The president, who has come under fire from opponents who accuse him of walking into a war that Georgia could not possibly win, said: "It was a difficult decision, but it was an inevitable one. Any democratic government would take the same decision, to protect its citizens."
Months of skirmishes between separatists and Georgian troops erupted into war in August when Georgia sent troops and tanks to retake the pro-Russian region of South Ossetia, which threw off Tbilisi's rule in 1991-92.
Moscow responded with a powerful counter-strike that drove the Georgian army out of South Ossetia.
Russian troops then pushed further into Georgia, saying they needed to prevent further Georgian attacks.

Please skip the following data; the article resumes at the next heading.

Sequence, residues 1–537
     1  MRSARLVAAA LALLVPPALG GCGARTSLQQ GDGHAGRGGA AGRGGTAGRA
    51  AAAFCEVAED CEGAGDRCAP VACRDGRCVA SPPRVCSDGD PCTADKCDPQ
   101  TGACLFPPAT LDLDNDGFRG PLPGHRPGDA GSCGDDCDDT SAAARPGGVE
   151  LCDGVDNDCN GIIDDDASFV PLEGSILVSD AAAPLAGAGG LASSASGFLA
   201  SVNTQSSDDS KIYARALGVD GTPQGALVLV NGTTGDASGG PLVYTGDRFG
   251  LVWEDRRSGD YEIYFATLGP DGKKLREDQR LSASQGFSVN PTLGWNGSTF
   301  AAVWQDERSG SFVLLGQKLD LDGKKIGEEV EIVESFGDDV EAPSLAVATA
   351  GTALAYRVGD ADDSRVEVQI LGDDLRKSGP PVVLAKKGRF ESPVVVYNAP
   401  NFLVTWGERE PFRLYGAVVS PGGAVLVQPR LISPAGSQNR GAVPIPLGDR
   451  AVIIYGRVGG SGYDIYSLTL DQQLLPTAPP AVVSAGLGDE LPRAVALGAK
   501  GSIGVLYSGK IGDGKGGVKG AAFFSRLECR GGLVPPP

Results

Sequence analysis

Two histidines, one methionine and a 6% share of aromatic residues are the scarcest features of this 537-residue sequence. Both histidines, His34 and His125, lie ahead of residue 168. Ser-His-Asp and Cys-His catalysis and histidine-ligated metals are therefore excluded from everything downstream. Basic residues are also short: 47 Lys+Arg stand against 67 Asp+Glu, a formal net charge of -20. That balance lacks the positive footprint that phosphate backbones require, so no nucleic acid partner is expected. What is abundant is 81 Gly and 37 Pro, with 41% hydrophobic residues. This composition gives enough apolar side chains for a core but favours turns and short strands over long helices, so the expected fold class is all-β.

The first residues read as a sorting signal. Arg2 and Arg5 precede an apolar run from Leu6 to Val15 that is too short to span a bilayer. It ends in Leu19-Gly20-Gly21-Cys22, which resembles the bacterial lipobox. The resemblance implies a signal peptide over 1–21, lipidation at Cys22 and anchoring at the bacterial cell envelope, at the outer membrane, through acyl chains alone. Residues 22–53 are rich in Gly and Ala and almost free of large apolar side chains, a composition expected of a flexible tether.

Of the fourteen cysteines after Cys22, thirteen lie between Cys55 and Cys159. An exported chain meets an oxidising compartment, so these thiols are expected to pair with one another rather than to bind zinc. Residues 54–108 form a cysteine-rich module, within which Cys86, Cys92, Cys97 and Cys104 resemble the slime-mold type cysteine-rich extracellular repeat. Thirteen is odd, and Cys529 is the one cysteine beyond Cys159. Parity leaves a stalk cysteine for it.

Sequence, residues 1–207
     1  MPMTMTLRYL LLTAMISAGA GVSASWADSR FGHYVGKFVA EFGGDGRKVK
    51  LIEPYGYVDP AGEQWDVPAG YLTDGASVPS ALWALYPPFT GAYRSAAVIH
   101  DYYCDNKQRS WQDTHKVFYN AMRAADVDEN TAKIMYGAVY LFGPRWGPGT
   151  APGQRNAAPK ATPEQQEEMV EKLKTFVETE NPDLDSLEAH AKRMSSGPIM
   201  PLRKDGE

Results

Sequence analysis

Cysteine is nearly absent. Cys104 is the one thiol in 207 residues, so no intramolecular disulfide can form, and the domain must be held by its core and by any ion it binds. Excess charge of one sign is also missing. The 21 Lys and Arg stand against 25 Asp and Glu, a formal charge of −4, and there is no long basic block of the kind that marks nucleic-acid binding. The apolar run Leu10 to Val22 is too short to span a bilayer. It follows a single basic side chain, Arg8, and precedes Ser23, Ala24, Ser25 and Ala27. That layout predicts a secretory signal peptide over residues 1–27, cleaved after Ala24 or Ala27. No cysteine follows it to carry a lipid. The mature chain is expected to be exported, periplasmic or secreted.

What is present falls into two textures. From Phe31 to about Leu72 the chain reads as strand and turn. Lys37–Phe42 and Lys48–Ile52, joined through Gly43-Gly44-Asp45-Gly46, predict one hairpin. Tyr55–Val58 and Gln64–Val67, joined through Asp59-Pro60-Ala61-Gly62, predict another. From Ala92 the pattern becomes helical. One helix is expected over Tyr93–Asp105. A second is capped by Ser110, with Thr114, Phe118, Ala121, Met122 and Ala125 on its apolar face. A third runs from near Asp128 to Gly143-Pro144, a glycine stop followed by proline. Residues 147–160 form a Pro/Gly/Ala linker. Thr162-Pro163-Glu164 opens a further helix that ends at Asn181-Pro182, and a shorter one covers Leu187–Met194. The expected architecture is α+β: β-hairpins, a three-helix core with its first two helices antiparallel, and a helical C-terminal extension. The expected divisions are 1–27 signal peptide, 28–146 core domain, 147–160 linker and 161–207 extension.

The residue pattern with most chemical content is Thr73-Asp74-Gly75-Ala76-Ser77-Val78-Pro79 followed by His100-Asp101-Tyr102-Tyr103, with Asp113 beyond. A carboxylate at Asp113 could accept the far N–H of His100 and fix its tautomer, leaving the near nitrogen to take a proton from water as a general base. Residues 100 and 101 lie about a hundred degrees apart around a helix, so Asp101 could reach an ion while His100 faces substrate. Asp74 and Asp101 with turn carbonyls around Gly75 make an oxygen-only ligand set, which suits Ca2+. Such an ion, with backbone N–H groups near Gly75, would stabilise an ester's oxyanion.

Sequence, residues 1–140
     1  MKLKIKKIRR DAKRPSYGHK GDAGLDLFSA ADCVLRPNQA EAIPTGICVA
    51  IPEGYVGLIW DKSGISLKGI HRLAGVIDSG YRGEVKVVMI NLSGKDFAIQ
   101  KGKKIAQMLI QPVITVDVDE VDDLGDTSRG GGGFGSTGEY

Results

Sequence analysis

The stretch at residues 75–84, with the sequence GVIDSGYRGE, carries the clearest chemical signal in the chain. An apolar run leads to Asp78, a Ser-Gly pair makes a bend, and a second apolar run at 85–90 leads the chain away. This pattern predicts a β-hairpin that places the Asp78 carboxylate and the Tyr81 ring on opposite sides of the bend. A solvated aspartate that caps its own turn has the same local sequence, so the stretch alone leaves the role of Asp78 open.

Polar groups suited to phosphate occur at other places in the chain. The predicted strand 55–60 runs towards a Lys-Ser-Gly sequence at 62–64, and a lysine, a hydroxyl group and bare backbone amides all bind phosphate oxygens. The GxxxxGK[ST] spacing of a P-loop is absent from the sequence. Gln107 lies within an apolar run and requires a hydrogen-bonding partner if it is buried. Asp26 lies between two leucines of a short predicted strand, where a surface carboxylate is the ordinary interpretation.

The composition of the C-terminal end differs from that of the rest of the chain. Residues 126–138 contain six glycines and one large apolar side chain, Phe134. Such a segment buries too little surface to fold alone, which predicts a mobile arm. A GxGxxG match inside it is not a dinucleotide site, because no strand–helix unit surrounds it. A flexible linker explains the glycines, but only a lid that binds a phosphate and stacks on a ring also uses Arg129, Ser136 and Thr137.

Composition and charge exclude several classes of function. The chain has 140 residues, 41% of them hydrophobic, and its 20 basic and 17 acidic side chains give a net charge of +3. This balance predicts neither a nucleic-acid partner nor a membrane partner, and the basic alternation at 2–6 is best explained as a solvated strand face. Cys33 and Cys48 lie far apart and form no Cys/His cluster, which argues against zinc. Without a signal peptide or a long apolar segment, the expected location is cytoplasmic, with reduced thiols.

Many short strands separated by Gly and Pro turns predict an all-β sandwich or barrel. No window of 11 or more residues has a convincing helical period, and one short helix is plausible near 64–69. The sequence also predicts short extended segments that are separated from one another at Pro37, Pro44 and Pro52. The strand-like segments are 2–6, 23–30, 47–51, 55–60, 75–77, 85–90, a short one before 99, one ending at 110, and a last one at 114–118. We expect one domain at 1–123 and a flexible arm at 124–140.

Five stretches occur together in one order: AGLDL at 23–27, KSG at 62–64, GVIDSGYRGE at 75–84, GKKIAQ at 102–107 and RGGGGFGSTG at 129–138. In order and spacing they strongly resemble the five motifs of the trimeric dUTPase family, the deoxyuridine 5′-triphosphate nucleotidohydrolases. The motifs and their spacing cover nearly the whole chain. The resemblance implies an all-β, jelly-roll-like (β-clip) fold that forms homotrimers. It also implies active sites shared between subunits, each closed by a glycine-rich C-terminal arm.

The West condemned the advance as a "disproportionate response".
In October, Russia pulled its troops back inside South Ossetia and Abkhazia, a second breakaway Georgian region, both of which Moscow has now recognised as independent states.
Russia blames Saakashvili for unleashing the conflict, but the Georgian president told the commission that Moscow was the aggressor.
He repeated previous statements that Tbilisi launched the full-scale assault on Tskhinvali, the South Ossetian capital, on the evening of August 7, having learned that Russian tanks and troops were pouring across the border and fearing for the safety of Georgian villages.
He said: "When we asked the Russians through the Americans what was the goal of their intervention, their answer was 'the complete destruction of Georgia'."